I’d like to challenge the common conversation around Digital Citizenship. Typically we teach students specific guidelines for how to act when they are online:
- Your information is private
- Be kind
- Things you put online are permanent
All of these and more are good topics to cover with students. These conversations SHOULD be happening in schools and at home.
I challenge the idea that these are digital guidelines. Students should be respecting privacy, being kind, being original, and acting in ways that make them proud both on and offline. These conversations shouldn’t be labeled as digital citizenship, they are simply citizenship. The two don’t need to be separate.
My crazy idea?
Teach citizenship. Teach humanity. Teach kindness. Teach kids how to communicate and collaborate in the real world. Teach them how to transfer those skills to all aspects of their lives. In the world we live in today, being online and active in social media spaces is as commonplace as talking to the clerk at the grocery store or having a conversation with friends. You wouldn’t tell the clerk your life story and you wouldn’t (shouldn’t) talk bad about people who aren’t in your friend group. We don’t copy people out in public, we think about those around us and behave and speak in appropriate ways. When you’re online, the same rules apply.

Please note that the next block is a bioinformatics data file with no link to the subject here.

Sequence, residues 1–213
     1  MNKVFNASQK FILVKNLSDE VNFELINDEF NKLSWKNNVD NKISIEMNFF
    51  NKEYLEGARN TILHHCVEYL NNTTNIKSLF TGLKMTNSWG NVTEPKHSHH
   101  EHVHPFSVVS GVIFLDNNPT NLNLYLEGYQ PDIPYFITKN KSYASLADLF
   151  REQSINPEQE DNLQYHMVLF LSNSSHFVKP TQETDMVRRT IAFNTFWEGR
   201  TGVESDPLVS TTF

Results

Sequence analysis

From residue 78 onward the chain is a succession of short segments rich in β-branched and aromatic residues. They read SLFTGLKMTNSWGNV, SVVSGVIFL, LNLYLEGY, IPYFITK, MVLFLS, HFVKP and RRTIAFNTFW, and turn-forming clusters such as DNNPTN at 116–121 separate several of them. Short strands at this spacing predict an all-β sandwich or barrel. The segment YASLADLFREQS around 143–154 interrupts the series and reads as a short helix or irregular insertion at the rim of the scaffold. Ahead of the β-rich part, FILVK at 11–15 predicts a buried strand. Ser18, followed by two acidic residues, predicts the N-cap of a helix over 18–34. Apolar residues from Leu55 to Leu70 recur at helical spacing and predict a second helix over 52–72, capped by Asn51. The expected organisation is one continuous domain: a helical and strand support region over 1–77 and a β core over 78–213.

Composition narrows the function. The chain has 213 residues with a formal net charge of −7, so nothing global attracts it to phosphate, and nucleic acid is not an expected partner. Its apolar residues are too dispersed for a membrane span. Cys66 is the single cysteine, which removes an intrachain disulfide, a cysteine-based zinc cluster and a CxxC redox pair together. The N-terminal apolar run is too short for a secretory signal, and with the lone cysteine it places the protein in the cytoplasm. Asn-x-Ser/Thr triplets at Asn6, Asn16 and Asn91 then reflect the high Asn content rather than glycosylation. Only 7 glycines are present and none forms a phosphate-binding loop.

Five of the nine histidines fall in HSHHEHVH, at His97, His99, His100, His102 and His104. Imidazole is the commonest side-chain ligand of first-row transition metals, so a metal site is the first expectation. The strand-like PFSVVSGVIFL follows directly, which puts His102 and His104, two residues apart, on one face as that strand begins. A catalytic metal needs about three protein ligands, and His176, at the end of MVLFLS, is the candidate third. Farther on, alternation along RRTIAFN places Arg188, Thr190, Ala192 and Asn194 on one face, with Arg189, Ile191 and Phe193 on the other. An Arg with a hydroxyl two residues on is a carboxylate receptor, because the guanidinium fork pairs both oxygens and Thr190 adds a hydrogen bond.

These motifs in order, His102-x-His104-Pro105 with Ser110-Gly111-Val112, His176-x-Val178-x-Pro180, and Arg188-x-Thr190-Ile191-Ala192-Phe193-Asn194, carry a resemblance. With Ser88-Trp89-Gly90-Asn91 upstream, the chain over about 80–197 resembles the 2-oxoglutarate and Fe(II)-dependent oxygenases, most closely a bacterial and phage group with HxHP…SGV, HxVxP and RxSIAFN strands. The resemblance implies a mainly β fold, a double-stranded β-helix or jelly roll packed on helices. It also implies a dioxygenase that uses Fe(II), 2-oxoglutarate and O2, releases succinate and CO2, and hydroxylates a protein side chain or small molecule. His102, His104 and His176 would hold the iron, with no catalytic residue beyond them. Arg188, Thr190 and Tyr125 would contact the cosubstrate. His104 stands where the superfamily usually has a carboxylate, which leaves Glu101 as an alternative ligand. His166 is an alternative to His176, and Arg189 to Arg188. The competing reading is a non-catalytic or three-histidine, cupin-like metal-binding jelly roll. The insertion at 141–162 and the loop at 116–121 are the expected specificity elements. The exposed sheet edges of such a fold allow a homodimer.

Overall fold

We don’t need to teach digital citizenship. We need to teach kids to be good people.